You know, it would seem that exhaustion and epiphany go hand-in-hand. And in a way that makes sense: when you are so tired that you can no longer remember what you did one second earlier, you become much more aware of Hashem and your reliance on Him.
On that note, during the wee hours of the morning Monday, already experiencing that exhaustion level that only the ultimate week before Pesach can produce, I had a flash of insight about this week's parsha (Acharei). We begin with the commandment issued to Aaron after the demise of Nadav and Avihu that the Kohen Gadol should refrain from entering the Kadosh Kadoshim except on Yom Kippur. Interestingly enough, the Vilna Gaon contests this timing, and states that the Kohen Gadol can in fact enter at other times of the year if the proper sacrifices are offered prior to entering. Even more interesting though is the fact that Hashem singles out Moishe: You, Hashem states, can enter before Me at any time.
Both the machloket and the singling out of Moishe allude to the same point, namely that different relationships have different parameters. How so? In the case of the machloket, what is underscored is that the Kohen Gadol's closeness to/familiarity with Hashem is mitigated by certain parametres; in the case of the Vilna Gaon, the parametre is drawn by the need to offer sacrifices prior to entry, and in the case of the other commentators, by the inability to enter anytime except on Yom Kippur. Both consequently stress varying degrees of familiarity while simultaneously stressing that distance is maintained. Similiarly, the singling out of Moishe emphasizes the differing nature of his relationship to Hashem: there was no boundary, no parametre, as denoted by his ability to approach Hashem whenever necessary without any prerequisite activity.
Is this not the same issue we find with the forbidden relationships itemized later in the parsha? In each instance, we find a relationship wherein one may feel that the other is distanced enough away from him enough that the familiarity common to the existing relationship can take the course of sanctioned relationships. In other words, this woman is my half-sister or my step-sister, I have grown familiar towards her and love her since she is part of my "family". However, she is not my full blood relation and therefore I can treat her like any other woman. It is consequently this dance of familiarity and distance that clouds the mind and causes him to lose respect for the woman- a respect that he would remember if he maintained the proper mental distance. If he instead remembered that she is in fact both his sister and not his sister, he would in turn remember that she is the product of his non-blood relative (i.e. stepmother or stepfather). By extension, he would remember that taking their relationship along the course of "normal married" relations would be disrespectful not only to his "sister" but also their parents; by disrespecting his "sister", he is also disrespecting his step-parent and even his blood parent (since the step-parent is his blood parent's spouse).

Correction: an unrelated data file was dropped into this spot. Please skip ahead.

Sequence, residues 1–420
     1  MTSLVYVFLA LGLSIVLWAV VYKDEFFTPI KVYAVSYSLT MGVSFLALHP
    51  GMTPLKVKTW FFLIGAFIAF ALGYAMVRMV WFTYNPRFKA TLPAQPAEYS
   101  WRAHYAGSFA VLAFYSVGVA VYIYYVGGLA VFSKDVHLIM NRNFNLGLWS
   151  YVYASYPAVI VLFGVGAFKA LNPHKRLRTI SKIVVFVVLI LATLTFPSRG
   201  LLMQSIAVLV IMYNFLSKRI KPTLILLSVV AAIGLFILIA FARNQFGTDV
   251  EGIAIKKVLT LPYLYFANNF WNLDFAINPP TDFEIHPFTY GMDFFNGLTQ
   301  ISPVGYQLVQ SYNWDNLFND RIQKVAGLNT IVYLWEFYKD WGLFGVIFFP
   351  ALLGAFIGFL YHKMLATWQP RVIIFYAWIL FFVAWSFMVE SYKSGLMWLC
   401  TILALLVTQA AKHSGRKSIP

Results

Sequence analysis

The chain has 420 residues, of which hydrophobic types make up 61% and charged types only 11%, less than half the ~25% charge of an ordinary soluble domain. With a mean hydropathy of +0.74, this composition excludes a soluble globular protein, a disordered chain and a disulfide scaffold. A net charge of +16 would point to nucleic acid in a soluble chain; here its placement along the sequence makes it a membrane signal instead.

We can therefore see the common ground between how the parsha opens and closes. In both cases, we see Hashem reminding us that while we can be close in certain relationships, such as our relationship with Him, we must also remain distanced and remember that respect is due.
At a time of year when stress levels run high, and tempers easily flare, the parsha acts as a helpful reminder that we should all retain the appropriate level of respect for all of those around us.
May everyone have a kosher and simcha-filled Pesach.